The night before Christmas and all through the house not a creature was stirring not even a mouse.
What Are the Best Ways to Keep Mice Out of Your House?
There are quite a few simple, yet effective methods that pest control professionals sometimes use to keep rodents out of your house. Five of the most effective methods for mouse proofing your house are:
Filling All Mouse Holes
Mice are capable of flattening themselves out to fit through the tiniest of openings. Check your home thoroughly for mouse holes and fill any openings. A few common places to check for mouse holes in your home are:
Around the pipes under sinks, washing machines, water heaters, and furnaces.
Around windows, fireplaces, and doors
Floor and dryer vents
Inside kitchen cabinets
Behind refrigerators and stoves
There are a few different ways to fill mouse holes, one of the most effective, however, is steel wool. Mice will chew through just about anything, but steel wool is one material that presents a challenge for them. If you do choose to fill holes with steel wool you should use caulk to hold the material in place so mice cannot simply pull it out. Also, keep an eye out for any dead mice. While mice cannot chew through steel wool, it’s a pretty safe bet that they will try, and once it’s been consumed the metal in their stomachs will kill mice.
If you find any holes too large to fill with steel wool, cement and hardware cloth are some other options. Both cement and hardware cloth are hard enough that mice will not be able to chew through them so using these materials to cover mouse holes will work as well.
Sealing All Entry Points
Mice can get into your house through the tiniest cracks and crevices so when mouse proofing your home be vigilant about sealing all possible entry points from the outside. This means making sure that your foundation is well cared for and doesn’t have cracks big enough to be entry points for rodents.
Other common areas to check for an entry point outside can include:
Around windows and doors
In the roof along rafters
Crawl spaces, attics, and basements
Around holes for electrical and cable wiring or gas lines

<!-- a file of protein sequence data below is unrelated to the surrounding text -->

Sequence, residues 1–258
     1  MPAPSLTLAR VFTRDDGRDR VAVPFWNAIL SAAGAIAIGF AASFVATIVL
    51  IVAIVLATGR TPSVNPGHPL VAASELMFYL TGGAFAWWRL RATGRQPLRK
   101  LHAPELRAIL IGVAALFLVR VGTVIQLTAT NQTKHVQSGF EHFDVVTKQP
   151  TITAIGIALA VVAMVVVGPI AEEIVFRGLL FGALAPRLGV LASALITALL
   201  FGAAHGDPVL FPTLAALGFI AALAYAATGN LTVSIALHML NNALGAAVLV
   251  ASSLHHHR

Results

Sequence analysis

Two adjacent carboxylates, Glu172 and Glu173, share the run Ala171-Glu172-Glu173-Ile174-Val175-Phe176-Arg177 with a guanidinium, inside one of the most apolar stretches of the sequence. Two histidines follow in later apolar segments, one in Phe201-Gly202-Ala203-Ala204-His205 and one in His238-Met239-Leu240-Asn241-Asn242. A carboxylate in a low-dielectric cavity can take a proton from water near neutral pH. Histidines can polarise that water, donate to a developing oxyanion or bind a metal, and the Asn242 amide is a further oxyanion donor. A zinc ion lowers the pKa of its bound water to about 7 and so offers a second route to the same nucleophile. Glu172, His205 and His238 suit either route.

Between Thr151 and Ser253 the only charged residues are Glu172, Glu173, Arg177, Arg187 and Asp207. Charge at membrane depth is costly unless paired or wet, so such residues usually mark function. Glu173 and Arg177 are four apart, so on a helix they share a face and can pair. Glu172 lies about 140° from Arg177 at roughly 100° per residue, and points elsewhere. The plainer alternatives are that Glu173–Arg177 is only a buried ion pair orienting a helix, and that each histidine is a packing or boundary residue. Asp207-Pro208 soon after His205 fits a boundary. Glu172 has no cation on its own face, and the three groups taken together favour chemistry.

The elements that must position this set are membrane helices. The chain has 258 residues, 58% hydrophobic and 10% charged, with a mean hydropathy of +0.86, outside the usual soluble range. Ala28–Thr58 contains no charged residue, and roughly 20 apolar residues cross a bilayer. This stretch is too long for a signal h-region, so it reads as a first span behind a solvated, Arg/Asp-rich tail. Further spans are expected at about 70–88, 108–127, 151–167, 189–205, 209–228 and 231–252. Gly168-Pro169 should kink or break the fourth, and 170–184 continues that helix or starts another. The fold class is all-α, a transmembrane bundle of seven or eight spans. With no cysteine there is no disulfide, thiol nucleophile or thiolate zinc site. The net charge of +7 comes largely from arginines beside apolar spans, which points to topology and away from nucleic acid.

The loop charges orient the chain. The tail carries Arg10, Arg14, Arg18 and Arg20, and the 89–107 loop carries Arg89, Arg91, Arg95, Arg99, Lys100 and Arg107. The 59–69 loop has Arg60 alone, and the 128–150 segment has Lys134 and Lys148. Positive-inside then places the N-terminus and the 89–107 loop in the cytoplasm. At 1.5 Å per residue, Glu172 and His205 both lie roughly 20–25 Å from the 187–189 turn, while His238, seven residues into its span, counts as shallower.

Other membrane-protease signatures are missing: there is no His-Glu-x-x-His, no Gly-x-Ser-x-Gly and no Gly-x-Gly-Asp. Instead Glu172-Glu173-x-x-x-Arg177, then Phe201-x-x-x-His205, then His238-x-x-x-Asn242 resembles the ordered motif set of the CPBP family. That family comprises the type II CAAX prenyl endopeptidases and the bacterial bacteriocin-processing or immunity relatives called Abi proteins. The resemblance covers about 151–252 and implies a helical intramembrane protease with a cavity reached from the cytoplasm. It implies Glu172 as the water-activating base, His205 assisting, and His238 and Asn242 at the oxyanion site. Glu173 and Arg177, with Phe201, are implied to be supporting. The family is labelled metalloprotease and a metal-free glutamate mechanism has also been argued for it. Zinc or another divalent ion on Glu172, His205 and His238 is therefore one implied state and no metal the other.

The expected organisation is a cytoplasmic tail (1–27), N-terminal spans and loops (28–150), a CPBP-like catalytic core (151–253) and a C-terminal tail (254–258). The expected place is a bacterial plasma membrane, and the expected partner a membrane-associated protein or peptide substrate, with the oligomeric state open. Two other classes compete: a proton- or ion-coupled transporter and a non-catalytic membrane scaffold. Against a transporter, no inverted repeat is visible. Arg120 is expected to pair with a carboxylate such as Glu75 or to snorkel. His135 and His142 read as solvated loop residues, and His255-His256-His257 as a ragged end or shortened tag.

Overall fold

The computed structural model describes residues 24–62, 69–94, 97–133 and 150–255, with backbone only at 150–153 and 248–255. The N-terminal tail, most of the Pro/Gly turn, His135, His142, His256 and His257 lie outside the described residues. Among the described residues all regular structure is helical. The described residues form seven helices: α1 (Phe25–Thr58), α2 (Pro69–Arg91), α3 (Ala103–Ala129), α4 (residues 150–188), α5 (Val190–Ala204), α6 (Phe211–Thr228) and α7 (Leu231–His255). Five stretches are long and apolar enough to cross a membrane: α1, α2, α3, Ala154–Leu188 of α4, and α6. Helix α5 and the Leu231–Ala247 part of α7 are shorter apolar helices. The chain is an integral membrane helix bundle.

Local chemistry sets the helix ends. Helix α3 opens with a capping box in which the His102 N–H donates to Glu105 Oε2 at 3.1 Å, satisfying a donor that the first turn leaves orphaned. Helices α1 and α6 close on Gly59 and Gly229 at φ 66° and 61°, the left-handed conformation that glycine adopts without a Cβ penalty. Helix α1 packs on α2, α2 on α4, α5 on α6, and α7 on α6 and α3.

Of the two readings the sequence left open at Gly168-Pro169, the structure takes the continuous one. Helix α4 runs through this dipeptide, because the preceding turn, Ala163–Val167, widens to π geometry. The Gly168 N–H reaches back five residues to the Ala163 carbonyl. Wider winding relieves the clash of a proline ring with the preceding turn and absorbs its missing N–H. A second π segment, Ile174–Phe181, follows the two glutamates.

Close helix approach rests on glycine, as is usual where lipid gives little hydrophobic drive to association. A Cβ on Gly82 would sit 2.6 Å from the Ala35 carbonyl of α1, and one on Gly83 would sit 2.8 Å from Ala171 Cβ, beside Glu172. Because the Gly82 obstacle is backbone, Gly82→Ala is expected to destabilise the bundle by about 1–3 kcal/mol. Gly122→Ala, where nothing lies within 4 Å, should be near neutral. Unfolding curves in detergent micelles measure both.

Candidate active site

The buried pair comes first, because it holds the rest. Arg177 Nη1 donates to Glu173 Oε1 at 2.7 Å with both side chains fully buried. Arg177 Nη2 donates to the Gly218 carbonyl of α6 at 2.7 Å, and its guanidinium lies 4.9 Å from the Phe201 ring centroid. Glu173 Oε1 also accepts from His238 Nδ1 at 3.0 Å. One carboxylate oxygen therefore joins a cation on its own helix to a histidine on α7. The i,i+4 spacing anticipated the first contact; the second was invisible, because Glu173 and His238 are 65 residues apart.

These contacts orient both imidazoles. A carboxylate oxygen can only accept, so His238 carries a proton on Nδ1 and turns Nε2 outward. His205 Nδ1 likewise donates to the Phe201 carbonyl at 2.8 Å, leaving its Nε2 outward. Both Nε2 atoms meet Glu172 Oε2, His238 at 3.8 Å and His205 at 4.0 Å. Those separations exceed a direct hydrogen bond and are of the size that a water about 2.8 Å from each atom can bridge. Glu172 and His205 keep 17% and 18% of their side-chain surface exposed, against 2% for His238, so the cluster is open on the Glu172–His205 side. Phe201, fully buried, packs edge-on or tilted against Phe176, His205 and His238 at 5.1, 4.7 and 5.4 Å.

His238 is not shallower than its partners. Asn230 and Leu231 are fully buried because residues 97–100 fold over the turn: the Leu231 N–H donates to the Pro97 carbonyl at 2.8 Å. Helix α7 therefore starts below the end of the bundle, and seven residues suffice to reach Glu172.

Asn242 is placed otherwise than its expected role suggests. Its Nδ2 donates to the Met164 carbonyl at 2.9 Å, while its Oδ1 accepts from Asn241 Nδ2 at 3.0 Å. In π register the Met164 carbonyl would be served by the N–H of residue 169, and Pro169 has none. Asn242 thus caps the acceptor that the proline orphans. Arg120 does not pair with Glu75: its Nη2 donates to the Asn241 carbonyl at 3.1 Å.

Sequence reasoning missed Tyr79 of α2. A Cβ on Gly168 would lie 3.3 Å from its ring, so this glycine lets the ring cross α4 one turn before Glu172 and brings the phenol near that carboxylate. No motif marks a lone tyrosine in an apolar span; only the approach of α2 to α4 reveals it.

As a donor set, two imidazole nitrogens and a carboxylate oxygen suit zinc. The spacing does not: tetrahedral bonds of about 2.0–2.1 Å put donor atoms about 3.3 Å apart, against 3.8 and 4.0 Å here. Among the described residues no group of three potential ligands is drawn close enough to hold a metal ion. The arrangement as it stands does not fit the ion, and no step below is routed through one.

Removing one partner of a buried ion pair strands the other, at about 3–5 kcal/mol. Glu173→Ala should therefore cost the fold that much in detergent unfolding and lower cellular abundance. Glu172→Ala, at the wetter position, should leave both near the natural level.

Investing in weather stripping along the bottoms of doors is also a good idea. This will keep mice from crawling under them to gain access to your home. You should also caulk any cracks or openings around windows. If you have a crack large enough for a draft to get through, it could be an entry point for a mouse. Covering any vents that are accessible from the outside is essential. Hardware cloth or sheet metal is the best way to do this.
Keeping a Clean House
Rodents will actively seek out any food or water they can get to, even if it’s just a leaky faucet. Keep sinks and bathtubs dry and always clean up crumbs or spills immediately. Mice can easily chew through any paper or plastic packaging so keeping foods like cereals or crackers in sealed containers can make a huge difference.
Also, avoid using outdoor spaces like your garage to store food. Pet food also attracts rodents, so keep your pet food sealed in plastic containers as well. Keep both indoor and outdoor garbage cans sealed and empty them as often as possible. If you have any bird or squirrel feeders in your yard you will want to empty them also.
Clutter will attract rodents just as much as food. Mice like to burrow in materials like paper, cardboard, and insulation. If you have a cluttered attic, basement, or office area, it is likely to attract rodents. Keep clutter to a minimum and avoid stacking things like boxes or firewood directly against walls, as this creates a perfect hiding spot for mice.
Keeping Your Landscaping Sparse
If you have long grass, or plants bunched together, chances are you have a few rodents living in your yard, Mice love to cozy up in between plants where they are hidden by branches and leaves. They will even set up shop in your grass if it is long enough. Keep rodents from making themselves at home in your lawn or garden by keeping plants to a minimum.
Cut your grass regularly to prevent it from getting too long, and never place numerous plants close together. A good rule of thumb is to make sure you have a full 360-degree view of the ground around each of your plants. Mice do not usually nest or burrow where they can be easily seen, so keeping open sightlines is recommended.
Setting Live Traps
Many people prefer the humane approach to dealing with rodent infestation which is completely understandable. If you have children or small pets, having poison or mouse traps lying around the house can be a serious safety issue. If you don’t want to kill rodents but want them out of your house, live traps are a viable option.
Live traps are steel boxes that allow mice to get inside but not back out. You can place bait like peanut butter or cheese inside the trap to attract rodents, the set them free away from your house. If you choose to use live traps to catch and release mice, experts recommend releasing the rodents at least a mile from your home, and preferably in a wooded area.
Article Courtesy of mousetrapguide.com
As always, if you need any help with your pest control we are here to help. www.repell.ca